This week we saw feed yards dump train loads of heavy feeders at auctions. This happens when they have been losing money for a while. They often call this practice “damage control” because they are trying to reduce the amount of money they are losing.
Fats have been and remain undervalued, so this practice seems like a good idea. Thing is our biggest advantage is marketing skill. The fact that there is an over abundance of ignorance when it comes to marketing means we can run circles around the other guys with just a little knowledge of sell/buy marketing.
When implementing sell/buy marketing we make our profit on the buy. We have complete control over this, because if the cattle we are bidding on get too high to hit our profit target we simply quit bidding. When using buy/sell marketing we are constantly keeping our fingers crossed the market will go up to bail us out.
That’s what we saw this week, some feed yards gave up hoping the fat market will go up enough to bail them out.
One feed yard’s order buyer was plowing hard into six weight steers. Based off the fat cattle price last week those six weight steers as a replacement buy were a $235 per head loser. However compared to the heavy feeder steers they sold; those six weights were a $95/head loser. Damage control. Mission accomplished. They are feeling smart but if we are handing out letter grades this still gets an F because the original goal was profit and they failed to accomplish that.
Weight, cattle and profit
Part of excellent marketing is knowing when not to put weight on. The cattle the feed yards sold were 10 weights. Now while they realized they shouldn’t make them any bigger the 10 weights were still undervalued since they only brought $14/head more than nine weights.
If we sold nine weight steers and replaced with four weight steers, we would have a Return on the Gain of around $1.35. If we have a Break Profit Cost of Gain of $1.20 (profit is figured in as an expense) this trade would net us an excess profit (more than what was penciled in originally) of $75/head.
I continually write that we must relax and take what the market gives us when it wants to help us. Above is an example of doing that, right behind an example of fighting the market.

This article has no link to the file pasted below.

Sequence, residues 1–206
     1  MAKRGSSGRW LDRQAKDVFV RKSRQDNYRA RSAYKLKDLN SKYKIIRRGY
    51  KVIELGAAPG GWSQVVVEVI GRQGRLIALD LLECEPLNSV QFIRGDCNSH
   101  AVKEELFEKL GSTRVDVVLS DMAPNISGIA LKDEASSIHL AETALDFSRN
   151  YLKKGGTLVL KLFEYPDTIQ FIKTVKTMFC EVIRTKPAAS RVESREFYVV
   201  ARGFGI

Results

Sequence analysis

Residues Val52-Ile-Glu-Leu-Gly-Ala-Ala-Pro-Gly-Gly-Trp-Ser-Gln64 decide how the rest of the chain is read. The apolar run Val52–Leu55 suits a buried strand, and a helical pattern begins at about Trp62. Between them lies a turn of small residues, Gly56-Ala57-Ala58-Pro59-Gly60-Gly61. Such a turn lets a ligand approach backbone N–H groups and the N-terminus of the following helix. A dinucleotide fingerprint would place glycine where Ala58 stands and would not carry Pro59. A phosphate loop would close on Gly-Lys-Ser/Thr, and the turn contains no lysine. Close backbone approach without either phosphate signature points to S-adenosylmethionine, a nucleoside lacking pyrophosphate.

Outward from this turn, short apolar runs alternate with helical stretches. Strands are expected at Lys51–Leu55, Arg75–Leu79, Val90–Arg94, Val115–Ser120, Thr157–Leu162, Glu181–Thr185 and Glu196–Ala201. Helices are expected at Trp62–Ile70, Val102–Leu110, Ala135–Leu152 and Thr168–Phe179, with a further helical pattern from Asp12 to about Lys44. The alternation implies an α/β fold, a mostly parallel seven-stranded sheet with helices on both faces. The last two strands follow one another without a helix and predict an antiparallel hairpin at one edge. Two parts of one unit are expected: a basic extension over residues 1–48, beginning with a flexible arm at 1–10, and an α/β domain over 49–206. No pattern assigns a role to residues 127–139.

I will repeat that marketing skill is our number one advantage, and the real world examples above illustrate that. The mainstream guys are focused on performance, performance, performance. They have implant programs, and rations running on red line all the time. Yet even with all that they fail to market well, therefore they focus on damage control instead of profit. They can tell you the ADG and feed conversion on a pen, but they can’t tell you the ROG. Since they can’t calculate ROG there is little chance of capturing a profit which was the original goal.
I pointed out the 10 weights only brought $14 more than the nine weights. This is a perfect example of giving your feed away. The pounds of feed each animal consumed to gain that 100 pounds was worth more than $14. This is where the stale joke of the cattle doing well but not doing a good job of marketing the corn comes from. If we are excellent at marketing we will capture full value of the feed and make a profit on the cattle too.
Beyond cattle feed yards
It's not just the feed yards, cow calf operations do this too. If they own the pasture and hay ground, they don’t charge the full opportunity cost of selling the hay or pasture rent against their cows. They just charge a little for machinery cost for haying and the property taxes. Then when they sell calves, they think they made all this profit on the cattle, when in reality they probably didn’t even capture the full value of the grass or hay the cows consumed.
How can we state we made a windfall profit on cattle when we didn’t even capture the full value of the feed they consumed? This is an example of not managing the inventory triangle of feed, money and livestock I mention from time to time.
You see, all this performance stuff everyone is focused on doesn’t matter without sound marketing skill. With sound marketing skill we can navigate around short comings and still make a profit. If we nail the performance stuff and have marketing skill we then have a combination that can’t be beat.
We hear or read things all the time about profitable traits. A special herd sire is supposed to increase your weaning weights making you more money. There is only so much nutrition in your pasture that will unlock only so much of that genetic potential. That profitable trait will fail to live up to the hype. Or we can have a pen of steers that gain over 5# a day in the feed yard but that isn’t going to matter if we continue to buy the overvalued and sell the undervalued cattle.
The only profitable trait in this business is in the person doing the marketing, and they either have it or they don’t. The good news is if they don’t they can learn sell/buy marketing and then they’ll have it, and they can pass that knowledge down to their kids by teaching it to them.
Eye on the cattle market
This week steers and heifers had a favorable VOG up to that nine weight mark, with steers having a slightly better VOG through the spectrum. Unweaned cattle sold at a discount but there were not enough to trend. Feeder bulls were 20-30 back. Buyers showed favoritism to multiple load sized groups.
Some sale barns are scrapping their summer schedule and going back to regular weekly sales next week. Although I have not heard anything yet about additional calf specials it may be a good idea to give your rep a call and check.
You can learn more at mrcattlemaster.com.
Note: You can get personal insight from Doug Ferguson at Husker Harvest Days, September 14-16 in Grand Island, Neb. Mr. Cattlemaster will be speaking each day at 11 a.m. in the livestock demonstration area on the northwest side of the show lot. It's your chance to meet him and get insights on his sell/buy approach in person. Make plans to attend.